He was way too skinny – I only glanced up twice, okay, maybe three times, but if you live in a body like mine (or is it my mind?), then one fraction of a second is enough to take notice and make an assessment.
He was way too skinny – I had an unobstructed view of his profile, no bumps or curves anywhere; his straight back parallel to the back of the chair, his thin legs to the legs of the chair, and they all formed perfect ninety degrees with his feet flat on the floor, his thighs on the seat of the chair, his arms on the edge of the table… the lines and edges seemed to never end. Put it simple, he was all lines, straight and to the point. I dismiss those people straight away – I’m too shallow, one could say, or too judgemental; but to tell you the truth, I feel too round, too bumpy to ever want to be near such straightness. Call it a defence mechanism, if you want to be a neo-Freud, but it made me unbearably insecure to even look at all those lines and edges when my body is the exact opposite. A hazy vision of my roundness sitting opposite his straight lines in a parallel world simmered in my subconscious, to be abruptly trampled down by my self-sabotaging and self-limiting anxieties.
But he sipped his coffee the exact same moment that I did, the movement dragging my eyes up from my book, then he went back to actually working on his laptop. Go figure, some people really do that in cafés.
My second glance lingered on the book and notepad splayed on the table behind his laptop. At first I thought he was waiting for someone to join him, claiming the table for them while he went to order their coffee; but two chapters later still no companion arrived. So he is just spreading out, taking up more space around himself than his lithe body does. Meanwhile, I try to keep my belongings in the smallest area possible; my bag, coffee cup and book touch each other and me, as if they were too shy; I am ever compensating for my generally taking up more space than others.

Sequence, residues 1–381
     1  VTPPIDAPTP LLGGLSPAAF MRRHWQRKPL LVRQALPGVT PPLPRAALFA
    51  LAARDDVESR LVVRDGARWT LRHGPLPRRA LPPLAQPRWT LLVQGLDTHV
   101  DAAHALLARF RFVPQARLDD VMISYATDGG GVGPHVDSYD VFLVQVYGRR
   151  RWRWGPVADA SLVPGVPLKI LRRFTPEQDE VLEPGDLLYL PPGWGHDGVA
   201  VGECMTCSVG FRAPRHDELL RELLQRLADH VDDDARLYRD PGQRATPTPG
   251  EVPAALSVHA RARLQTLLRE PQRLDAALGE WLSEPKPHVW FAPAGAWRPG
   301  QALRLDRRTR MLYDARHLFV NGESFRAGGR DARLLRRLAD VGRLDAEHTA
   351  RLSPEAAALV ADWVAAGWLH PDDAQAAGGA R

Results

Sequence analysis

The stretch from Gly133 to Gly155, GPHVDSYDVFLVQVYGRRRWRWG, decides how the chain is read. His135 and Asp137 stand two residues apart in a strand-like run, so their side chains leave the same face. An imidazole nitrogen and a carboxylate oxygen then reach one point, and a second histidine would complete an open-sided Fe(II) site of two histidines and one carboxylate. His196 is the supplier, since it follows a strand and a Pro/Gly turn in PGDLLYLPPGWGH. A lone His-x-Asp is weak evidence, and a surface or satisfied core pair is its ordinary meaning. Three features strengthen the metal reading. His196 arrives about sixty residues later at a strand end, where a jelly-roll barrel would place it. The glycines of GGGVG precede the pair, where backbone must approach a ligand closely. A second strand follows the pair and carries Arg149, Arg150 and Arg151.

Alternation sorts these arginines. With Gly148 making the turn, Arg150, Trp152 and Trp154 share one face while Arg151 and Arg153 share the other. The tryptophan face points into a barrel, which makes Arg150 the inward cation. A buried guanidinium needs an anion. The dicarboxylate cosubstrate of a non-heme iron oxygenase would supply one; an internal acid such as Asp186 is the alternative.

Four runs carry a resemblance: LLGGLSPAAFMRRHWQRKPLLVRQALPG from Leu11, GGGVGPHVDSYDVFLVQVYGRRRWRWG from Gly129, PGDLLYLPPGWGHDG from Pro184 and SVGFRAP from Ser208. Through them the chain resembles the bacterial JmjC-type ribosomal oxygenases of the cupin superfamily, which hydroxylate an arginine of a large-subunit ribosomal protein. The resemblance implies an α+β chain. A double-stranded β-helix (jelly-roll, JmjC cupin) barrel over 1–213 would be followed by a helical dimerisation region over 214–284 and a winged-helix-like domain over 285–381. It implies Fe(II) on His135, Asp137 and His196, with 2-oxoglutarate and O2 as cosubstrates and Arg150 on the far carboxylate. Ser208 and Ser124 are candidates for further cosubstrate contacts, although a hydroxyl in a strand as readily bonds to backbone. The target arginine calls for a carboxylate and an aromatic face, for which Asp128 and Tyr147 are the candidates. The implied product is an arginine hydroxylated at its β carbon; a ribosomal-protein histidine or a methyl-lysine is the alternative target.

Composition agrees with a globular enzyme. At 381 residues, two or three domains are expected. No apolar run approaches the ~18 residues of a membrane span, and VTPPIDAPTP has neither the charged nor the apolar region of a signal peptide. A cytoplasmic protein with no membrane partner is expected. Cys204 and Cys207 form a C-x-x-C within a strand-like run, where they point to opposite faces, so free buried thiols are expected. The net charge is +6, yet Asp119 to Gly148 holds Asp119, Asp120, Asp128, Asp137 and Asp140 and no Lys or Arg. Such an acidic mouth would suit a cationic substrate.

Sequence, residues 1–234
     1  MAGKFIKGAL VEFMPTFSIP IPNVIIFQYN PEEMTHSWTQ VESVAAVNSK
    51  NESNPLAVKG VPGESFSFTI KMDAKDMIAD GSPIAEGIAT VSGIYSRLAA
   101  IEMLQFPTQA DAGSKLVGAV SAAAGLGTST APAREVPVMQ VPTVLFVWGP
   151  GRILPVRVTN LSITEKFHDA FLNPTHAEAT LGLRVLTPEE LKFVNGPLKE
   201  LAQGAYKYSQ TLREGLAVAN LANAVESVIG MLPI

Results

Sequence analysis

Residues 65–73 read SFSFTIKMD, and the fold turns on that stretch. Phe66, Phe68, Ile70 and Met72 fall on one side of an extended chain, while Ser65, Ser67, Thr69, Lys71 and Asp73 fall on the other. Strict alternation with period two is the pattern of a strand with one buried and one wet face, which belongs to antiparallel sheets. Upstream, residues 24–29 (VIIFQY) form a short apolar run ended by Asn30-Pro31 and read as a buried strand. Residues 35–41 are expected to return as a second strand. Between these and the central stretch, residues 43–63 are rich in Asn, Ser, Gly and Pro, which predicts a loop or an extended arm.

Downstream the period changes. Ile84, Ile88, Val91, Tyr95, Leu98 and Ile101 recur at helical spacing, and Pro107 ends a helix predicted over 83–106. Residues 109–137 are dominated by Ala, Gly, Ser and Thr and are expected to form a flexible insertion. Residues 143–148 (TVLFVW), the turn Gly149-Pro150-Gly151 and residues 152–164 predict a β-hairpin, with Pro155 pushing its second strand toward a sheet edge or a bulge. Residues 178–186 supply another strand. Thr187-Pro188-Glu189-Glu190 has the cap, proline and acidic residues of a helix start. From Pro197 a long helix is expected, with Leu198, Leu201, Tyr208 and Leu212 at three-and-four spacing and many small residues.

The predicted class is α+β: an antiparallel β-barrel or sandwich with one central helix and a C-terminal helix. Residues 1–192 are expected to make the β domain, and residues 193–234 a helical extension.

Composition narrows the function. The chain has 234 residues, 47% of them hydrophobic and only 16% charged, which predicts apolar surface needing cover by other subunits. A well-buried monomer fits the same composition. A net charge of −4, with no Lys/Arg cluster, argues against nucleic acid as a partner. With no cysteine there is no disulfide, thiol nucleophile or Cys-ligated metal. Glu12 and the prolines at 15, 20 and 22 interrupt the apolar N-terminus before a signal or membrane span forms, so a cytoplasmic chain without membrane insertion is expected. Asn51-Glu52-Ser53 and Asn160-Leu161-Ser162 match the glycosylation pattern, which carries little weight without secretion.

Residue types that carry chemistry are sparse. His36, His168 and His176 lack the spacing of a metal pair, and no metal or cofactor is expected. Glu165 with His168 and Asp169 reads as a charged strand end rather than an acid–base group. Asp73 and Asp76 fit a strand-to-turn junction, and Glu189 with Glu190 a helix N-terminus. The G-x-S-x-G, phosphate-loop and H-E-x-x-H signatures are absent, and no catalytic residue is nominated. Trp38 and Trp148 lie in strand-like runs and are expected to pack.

Another chapter, and my once frothy and steaming cup finally gave up its icy residues. I packed myself up and squeezed, belly tight, legs shuffling, through between the tables, just please let me not knock anything down. One step, two, and I was parallel with all his straight lines for an extended second as my feet faltered next to his table. He was reading Gone Girl, at least that’s the book on his table, with a bookmark almost halfway through. It’s a sign, my subconscious screamed, wanting to bring the parallel world where my insecurities don’t stop me crashing into this one. A fraction of a second was enough and I saw myself addressing him, “Oh, I’m also reading this book, well, I mean it has been on my nightstand since November with only 140 pages in, and I’ve kind of read another 10 books cover to cover since then, but I intend to pick it up again… how far have you got in it so far? Have you seen the movie? Is it better or worse?” But even in that parallel world he was looking at me askance, who is this random round woman talking to me, and even if he were too polite to say it out loud, I could see the thoughts crossing his mind as he looked at me, and no thank you, I don’t need to make a fool of myself… so I continued, put my feet one in front of the other, turned left, a pram temporarily abrupting my longed for speedy escape, but I made it, and I sighed with relief – I escaped the parallel world where I could have had a meaningful interaction with another fellow human being. And I suddenly feel very sorry myself.